Review: ‘The Geography of Lost Things’ By Jessica Brody

‘The Geography of Lost Things’

By Jessica Brody

Publisher: Simon Pulse
Date: 2018
Pages: 458
Fiction/Non-Fiction: Fiction
Genre:  Contemporary
Days to Read: 97
Purchase Locations: Amazon & Kindle Book Depository Booktopia Dymocks QBD

In this romantic road trip story perfect for fans of Sarah Dessen and Morgan Matson, a teen girl discovers the value of ordinary objects while learning to forgive her absent father.

After Ali’s father passes away, he leaves his one and only prized possession—a 1968 Firebird convertible—to his daughter. But Ali doesn’t plan on keeping it. Not when it reminds her too much of all her father’s unfulfilled promises. So when she finds a buyer three hundred miles up the Pacific coast willing to pay enough money for the car to save her childhood home, Ali can’t wait to get going. Except Ali has no idea how to drive a stick shift. But guess who does?

Ali’s ex-boyfriend, Nico. And Nico has other plans.

He persuades Ali that instead of selling the car, they should “trade up” the items they collect on their trip to eventually reach the monetary amount Ali needs. Agreeing with Nico’s crazy plan, Ali sets off on a unique adventure that is unlike anything she ever could have expected.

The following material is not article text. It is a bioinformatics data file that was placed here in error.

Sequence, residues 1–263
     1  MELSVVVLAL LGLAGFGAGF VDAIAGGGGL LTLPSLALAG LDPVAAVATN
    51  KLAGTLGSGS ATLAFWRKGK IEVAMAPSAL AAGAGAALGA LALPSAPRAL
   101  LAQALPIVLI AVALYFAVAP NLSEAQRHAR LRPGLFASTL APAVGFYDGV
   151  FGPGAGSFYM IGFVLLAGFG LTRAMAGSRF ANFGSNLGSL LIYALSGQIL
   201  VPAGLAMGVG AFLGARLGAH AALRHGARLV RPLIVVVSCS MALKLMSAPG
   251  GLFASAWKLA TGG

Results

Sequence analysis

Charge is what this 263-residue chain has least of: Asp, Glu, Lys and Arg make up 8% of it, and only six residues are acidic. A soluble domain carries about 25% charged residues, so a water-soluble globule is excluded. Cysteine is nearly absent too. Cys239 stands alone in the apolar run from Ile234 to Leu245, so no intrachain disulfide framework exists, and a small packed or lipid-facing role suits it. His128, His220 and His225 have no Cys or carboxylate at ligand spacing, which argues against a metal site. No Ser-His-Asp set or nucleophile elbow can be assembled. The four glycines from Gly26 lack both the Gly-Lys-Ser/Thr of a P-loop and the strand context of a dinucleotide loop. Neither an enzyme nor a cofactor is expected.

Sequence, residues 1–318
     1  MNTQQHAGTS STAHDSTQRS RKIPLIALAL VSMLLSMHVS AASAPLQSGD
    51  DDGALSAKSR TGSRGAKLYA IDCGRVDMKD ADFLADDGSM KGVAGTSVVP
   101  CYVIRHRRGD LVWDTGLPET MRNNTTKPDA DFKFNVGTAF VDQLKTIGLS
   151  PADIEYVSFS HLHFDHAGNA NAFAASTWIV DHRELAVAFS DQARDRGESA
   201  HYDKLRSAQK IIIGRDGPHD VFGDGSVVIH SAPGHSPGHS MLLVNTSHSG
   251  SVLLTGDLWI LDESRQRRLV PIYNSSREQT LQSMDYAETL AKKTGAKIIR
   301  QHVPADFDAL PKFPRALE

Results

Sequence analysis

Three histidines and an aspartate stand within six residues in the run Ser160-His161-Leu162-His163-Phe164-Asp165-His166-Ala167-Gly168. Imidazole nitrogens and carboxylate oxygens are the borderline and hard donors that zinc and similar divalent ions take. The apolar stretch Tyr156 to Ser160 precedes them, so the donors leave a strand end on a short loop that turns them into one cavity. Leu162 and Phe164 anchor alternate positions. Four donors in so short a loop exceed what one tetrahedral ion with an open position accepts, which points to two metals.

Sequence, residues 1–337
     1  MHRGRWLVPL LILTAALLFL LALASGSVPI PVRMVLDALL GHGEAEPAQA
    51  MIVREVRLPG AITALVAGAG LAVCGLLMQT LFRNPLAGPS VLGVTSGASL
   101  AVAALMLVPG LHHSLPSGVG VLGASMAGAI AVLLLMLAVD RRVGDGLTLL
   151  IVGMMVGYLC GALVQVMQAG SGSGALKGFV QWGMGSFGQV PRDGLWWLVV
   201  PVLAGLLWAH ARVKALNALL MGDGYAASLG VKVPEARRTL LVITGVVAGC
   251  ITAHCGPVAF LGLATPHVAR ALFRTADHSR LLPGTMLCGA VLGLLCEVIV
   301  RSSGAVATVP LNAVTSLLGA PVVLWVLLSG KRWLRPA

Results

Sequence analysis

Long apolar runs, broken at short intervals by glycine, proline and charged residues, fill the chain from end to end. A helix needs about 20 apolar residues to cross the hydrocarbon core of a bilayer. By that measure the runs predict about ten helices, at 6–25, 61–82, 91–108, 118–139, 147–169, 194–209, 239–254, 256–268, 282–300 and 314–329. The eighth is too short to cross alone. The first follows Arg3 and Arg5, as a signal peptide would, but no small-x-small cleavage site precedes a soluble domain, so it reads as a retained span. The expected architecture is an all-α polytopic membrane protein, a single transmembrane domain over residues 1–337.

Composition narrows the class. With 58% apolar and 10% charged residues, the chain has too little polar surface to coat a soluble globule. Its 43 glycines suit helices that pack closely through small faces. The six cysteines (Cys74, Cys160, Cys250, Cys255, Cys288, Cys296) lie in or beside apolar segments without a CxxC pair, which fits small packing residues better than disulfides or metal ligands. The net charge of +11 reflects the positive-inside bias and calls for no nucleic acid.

And it’s through Ali’s travels, through the strangers she meets and the things that they value—and why they value them—that Ali eventually comes to understand her father and how his life may not have been as easy and carefree as she previously thought. Because just like the seemingly insignificant objects Ali collects, not everything is exactly as it appears. 

‘The Geography of Lost Things’ was 100% a cover buy for me. I saw the cover and loved it and wanted to own a copy.

We follow Ali as she takes a road trip to sell her dad’s car, which he had left to her. She ends up with an unlikely companion on her travels, her ex boyfriend, Nico. Through the trip they begin to discuss there past and Ali tries to stick to her own rules for this road trip.

Ali as a main character that I really didn’t have an opinion about. She was just kind of there.

Generally it took me WAY longer than it usually does to finish ‘The Geography of Lost Things’. I don’t really know if it was just because it was a contemporary (which usually take me longer) or if I just wasn’t connecting with the story itself but I didn’t really enjoy my time reading it. It may of been the pace or the repetition but I just can’t put my finger on it.

If you are someone that likes contemporary’s than you might like this one.

Plot: 3/10
Ease of reading: 4/10
Character Development: 5/10
World Building: 3/10
Quality of Writing: 6/10
Stars: 2/5

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